Size and structure also affect communication within a group (Ellis & Fisher, 1994). In terms of size, the more people in a group, the more issues with scheduling and coordination of communication. Remember that time is an important resource in most group interactions and a resource that is usually strained. Structure can increase or decrease the flow of communication. Reachability refers to the way in which one member is or isn’t connected to other group members. For example, the “Circle” group structure in Figure 13.1 “Small Group Structures” shows that each group member is connected to two other members. This can make coordination easy when only one or two people need to be brought in for a decision. In this case, Erik and Callie are very reachable by Winston, who could easily coordinate with them. However, if Winston needed to coordinate with Bill or Stephanie, he would have to wait on Erik or Callie to reach that person, which could create delays. The circle can be a good structure for groups who are passing along a task and in which each member is expected to progressively build on the others’ work. A group of scholars coauthoring a research paper may work in such a manner, with each person adding to the paper and then passing it on to the next person in the circle. In this case, they can ask the previous person questions and write with the next person’s area of expertise in mind. The “Wheel” group structure in Figure 13.1 “Small Group Structures” shows an alternative organization pattern. In this structure, Tara is very reachable by all members of the group. This can be a useful structure when Tara is the person with the most expertise in the task or the leader who needs to review and approve work at each step before it is passed along to other group members. But Phillip and Shadow, for example, wouldn’t likely work together without Tara being involved.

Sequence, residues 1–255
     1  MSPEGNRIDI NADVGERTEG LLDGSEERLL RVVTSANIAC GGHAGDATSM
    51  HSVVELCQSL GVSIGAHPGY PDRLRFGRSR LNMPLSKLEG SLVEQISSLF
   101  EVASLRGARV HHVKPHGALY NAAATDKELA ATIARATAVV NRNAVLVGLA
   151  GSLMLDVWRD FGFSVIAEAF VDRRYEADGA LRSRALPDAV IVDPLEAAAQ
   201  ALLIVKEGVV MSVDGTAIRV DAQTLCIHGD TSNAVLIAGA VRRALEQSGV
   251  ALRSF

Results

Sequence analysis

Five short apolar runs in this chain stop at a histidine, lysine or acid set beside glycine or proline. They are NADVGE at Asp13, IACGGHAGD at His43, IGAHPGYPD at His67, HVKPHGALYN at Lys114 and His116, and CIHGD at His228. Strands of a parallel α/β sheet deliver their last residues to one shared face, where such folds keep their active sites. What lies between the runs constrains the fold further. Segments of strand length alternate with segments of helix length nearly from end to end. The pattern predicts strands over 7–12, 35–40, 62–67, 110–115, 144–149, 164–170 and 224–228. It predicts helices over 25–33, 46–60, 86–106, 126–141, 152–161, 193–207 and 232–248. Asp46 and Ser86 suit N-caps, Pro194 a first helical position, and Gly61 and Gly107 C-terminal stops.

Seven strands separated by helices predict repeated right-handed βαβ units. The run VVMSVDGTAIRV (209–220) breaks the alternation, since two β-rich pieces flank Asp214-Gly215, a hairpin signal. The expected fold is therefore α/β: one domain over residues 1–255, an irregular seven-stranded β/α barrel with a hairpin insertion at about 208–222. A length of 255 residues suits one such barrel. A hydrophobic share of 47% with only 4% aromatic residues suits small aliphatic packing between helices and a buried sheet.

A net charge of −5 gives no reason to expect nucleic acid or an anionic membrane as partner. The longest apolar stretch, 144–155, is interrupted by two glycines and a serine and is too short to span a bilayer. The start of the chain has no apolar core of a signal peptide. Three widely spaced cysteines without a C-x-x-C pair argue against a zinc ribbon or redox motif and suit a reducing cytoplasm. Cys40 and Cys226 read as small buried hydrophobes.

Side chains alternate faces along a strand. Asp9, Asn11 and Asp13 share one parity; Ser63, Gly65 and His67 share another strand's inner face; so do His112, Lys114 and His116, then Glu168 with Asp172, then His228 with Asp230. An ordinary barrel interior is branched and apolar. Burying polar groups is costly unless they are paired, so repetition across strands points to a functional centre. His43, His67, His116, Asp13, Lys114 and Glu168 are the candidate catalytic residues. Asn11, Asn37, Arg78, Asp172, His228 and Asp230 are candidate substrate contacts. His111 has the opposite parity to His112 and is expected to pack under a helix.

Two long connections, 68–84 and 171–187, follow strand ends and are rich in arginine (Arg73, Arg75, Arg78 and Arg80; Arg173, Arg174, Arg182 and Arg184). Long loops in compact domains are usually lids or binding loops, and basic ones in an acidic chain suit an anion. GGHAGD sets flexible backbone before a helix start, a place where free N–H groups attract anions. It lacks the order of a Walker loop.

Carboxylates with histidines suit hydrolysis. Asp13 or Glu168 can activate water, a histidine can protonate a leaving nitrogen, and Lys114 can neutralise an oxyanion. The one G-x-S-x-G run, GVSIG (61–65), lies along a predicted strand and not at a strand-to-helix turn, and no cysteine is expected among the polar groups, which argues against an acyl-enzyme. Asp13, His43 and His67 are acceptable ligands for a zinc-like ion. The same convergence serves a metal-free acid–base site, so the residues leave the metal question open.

Figure 13.1 Small Group Structures
Looking at the group structures, we can make some assumptions about the communication that takes place in them. The wheel is an example of a centralized structure, while the circle is decentralized. Research has shown that centralized groups are better than decentralized groups in terms of speed and efficiency (Ellis & Fisher, 1994). But decentralized groups are more effective at solving complex problems. In centralized groups like the wheel, the person with the most connections, person C, is also more likely to be the leader of the group or at least have more status among group members, largely because that person has a broad perspective of what’s going on in the group. The most central person can also act as a gatekeeper. Since this person has access to the most information, which is usually a sign of leadership or status, he or she could consciously decide to limit the flow of information. But in complex tasks, that person could become overwhelmed by the burden of processing and sharing information with all the other group members. The circle structure is more likely to emerge in groups where collaboration is the goal and a specific task and course of action isn’t required under time constraints. While the person who initiated the group or has the most expertise in regards to the task may emerge as a leader in a decentralized group, the equal access to information lessens the hierarchy and potential for gatekeeping that is present in the more centralized groups.